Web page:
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June 25, 2008
To All Interested Parties:
The Division of Banks ("Division") has been addressing several questions relative to the implementation of Chapter 206 of the Acts of 2007 ("Chapter 206" or the "Act"). These are answered in Frequently Asked Questions that are on the Division's website. One remaining question is what, if any, fees or charges may be charged during the 90-Day Right to Cure. The two most significant matters regarding this question relate to fees for a modification of the loan and payments made to maintain the priority of the mortgagee's lien status.
The questions are raised as a result of the provisions in subsection (d) of section 35A of Chapter 244 of the General Laws, as inserted by SECTION 11 of the Act. Subsection (d), in part, states that "To cure a default prior to acceleration under this section, a mortgagor shall not be required to pay any charge, fee, or penalty attributable to the exercise of the right to cure a default." The only exceptions provided in subsection (d) are for late fees and per diem interest. In implementing new Acts, the Division has a long history of attributing to the Legislature an intelligible policy of fitting new statutes into existing law and for a new Act to be read as a whole.
In reviewing the totality of Chapter 206, the Division has noted that two SECTIONS of the Act amend the revision of terms statute, section 63A of chapter 183 of the General Laws. One amendment clarifies that an adjustable rate mortgage could be changed to a fixed rate mortgage. The other amendment, inserted by SECTION 6 of the Act, increases the fee that may be charged for a revision of terms from Â½ of 1 percent to 1 percent of the outstanding balance of the existing note and mortgage as of the date of any such revision or of the revised balance pursuant to such revision, whichever is greater.
The Division and numerous state government and federal agencies have continuously encouraged lenders and servicers to work with homeowners who are in default to pursue to the greatest extent possible a modification of an existing loan which makes financial sense to both the homeowner and the lender or servicer. Consistent with the intent of Chapter 206 and giving great weight to the amendment to the revision of terms statute which increases the amount to be charged for a modification, it is the position of the Division that all fees charged for a modification and any related filings are not precluded during the 90-day Right to Cure. A meaningful loan modification during the 90-day period should result in home ownership being preserved while maintaining a payment stream for the lender. The Division also recognizes the need to obtain the loan modification during the 90-day period since the Act provides such a right to cure a default of a required payment only once in a five year period.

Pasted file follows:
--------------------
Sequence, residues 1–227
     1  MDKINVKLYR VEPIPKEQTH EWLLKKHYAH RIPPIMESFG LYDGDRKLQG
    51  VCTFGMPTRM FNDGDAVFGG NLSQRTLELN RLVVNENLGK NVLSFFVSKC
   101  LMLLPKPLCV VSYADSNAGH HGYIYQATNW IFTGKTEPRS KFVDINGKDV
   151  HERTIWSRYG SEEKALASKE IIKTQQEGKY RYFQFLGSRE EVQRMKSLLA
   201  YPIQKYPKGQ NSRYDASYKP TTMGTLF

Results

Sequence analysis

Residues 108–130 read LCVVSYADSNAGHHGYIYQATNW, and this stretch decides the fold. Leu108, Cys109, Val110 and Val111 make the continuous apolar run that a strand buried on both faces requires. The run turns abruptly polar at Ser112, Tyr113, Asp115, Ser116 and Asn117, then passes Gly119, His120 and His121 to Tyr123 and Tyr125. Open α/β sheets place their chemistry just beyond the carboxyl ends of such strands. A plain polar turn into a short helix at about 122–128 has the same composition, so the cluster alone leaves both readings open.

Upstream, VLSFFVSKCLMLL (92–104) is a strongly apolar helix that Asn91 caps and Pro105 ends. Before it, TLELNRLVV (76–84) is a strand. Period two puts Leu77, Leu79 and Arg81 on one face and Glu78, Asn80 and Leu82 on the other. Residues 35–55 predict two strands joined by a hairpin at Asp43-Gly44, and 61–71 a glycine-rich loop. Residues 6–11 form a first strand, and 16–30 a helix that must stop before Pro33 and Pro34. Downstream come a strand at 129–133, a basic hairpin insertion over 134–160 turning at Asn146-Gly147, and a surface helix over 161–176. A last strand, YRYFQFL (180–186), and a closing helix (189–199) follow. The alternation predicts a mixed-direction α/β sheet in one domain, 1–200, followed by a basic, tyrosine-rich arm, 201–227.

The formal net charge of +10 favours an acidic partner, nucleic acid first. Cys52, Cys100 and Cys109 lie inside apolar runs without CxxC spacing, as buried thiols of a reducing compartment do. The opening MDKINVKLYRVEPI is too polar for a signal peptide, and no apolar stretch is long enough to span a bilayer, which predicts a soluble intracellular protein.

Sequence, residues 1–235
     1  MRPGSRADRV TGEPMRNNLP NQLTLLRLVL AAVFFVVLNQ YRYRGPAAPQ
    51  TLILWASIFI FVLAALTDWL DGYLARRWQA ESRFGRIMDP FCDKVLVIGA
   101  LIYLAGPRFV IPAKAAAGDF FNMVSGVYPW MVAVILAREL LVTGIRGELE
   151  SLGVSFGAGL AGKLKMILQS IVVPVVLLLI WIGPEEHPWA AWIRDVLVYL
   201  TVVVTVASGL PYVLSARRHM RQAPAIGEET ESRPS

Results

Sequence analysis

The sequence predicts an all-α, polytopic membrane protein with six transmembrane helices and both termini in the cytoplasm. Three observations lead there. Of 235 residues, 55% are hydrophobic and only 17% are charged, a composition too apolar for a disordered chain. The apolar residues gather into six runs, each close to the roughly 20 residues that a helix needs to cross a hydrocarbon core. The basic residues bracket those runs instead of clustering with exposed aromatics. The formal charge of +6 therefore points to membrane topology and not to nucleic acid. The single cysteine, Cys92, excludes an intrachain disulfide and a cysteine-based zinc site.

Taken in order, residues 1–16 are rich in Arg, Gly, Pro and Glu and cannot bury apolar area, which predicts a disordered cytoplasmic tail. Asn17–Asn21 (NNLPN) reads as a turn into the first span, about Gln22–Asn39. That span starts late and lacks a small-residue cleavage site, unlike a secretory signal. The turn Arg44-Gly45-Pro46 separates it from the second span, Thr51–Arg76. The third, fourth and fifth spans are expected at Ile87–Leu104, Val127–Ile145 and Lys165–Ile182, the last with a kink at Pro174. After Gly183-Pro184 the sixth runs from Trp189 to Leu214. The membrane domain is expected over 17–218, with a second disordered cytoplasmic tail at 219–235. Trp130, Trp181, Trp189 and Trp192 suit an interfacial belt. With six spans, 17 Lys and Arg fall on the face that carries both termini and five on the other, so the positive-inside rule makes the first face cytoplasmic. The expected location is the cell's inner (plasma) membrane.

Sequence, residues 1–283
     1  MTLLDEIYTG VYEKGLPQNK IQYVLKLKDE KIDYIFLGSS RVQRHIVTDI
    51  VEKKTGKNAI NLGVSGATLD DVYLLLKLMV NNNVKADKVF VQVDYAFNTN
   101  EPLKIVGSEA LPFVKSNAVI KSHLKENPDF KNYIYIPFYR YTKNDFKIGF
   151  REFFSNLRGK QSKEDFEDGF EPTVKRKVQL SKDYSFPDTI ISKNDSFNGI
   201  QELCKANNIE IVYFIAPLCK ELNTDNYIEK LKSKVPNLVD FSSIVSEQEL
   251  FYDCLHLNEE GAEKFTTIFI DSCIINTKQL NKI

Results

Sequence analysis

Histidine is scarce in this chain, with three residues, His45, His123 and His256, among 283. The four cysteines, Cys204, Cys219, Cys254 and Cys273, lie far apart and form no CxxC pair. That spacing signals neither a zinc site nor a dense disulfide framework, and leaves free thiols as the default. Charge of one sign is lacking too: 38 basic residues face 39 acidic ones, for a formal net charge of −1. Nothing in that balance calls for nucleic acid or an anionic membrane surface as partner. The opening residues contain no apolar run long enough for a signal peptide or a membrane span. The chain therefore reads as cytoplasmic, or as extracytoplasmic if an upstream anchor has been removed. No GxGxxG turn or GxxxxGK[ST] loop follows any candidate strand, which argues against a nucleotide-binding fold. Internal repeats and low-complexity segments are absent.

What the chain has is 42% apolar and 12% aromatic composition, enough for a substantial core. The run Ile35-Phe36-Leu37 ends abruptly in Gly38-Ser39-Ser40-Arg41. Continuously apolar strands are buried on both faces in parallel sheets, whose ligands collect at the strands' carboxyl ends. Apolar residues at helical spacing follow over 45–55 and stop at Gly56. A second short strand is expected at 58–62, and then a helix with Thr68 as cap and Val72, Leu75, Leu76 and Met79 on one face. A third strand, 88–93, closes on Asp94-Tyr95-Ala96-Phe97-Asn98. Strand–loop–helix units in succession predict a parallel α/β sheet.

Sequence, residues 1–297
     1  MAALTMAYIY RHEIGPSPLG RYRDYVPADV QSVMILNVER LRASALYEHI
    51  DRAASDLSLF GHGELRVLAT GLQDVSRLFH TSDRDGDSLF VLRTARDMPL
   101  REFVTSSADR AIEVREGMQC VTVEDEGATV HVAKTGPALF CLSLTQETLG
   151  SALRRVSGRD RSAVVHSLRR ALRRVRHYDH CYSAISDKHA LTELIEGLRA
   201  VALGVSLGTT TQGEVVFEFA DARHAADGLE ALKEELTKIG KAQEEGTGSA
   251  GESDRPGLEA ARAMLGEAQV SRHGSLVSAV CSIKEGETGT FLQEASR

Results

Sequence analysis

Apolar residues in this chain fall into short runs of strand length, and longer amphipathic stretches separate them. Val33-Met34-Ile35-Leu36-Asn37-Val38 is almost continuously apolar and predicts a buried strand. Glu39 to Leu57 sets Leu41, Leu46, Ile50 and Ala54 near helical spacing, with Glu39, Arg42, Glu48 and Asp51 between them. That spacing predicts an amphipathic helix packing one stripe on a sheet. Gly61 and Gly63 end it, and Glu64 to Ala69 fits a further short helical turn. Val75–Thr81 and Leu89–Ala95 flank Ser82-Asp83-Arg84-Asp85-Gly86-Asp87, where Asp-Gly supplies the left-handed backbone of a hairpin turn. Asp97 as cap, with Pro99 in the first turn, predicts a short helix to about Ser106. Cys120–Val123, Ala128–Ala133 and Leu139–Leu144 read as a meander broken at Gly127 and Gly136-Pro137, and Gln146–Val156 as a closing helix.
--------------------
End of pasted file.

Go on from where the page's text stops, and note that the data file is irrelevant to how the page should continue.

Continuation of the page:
Although said SECTION 6 permits charging a fee to revise terms, the Division continues to encourage lenders and servicers to pursue loan modifications, in order to avoid unnecessary foreclosures, and make those loan modifications accessible to as many borrowers as feasible. Because any fees charged for a revision of terms may serve to make loan modifications less financially feasible to borrowers, the Division encourages loan modification approaches that are motivated by avoiding the full costs related to foreclosures and not driven by the fees that may be charged.
As noted above, the provision of the 90-day Right to Cure prohibits a mortgagor from being "required to pay any charge, fee, or penalty, attributable to the exercise of the right to cure a default." It is the position of the Division that the prohibition runs solely to the curing of the default. Accordingly, in response to numerous inquiries, the Division concludes that payments made to maintain the mortgagee's property lien status, such as payments that include, but are not limited to the following, may be paid by the lender or servicer and charged to the borrower during the 90-day period:
It is the Division's conclusion after review of Chapter 206 that no provision of the Act seeks to change or jeopardize the status of the mortgagee's lien status. Accordingly, the mortgagee may charge the necessary expenditures to protect its lien.
The Division strongly encourages lenders and servicers to advise a homeowner in default, preferably at the time of the Notice of 90-day Right to Cure, that the homeowner remains responsible for other mortgage covenants such as the payments specified above. Homeowners should also be advised that if necessary, a lender will take steps to protect its lien status which would lead to additional charges to the homeowner.
Very truly yours,
Steven L. Antonakes
Commissioner of Banks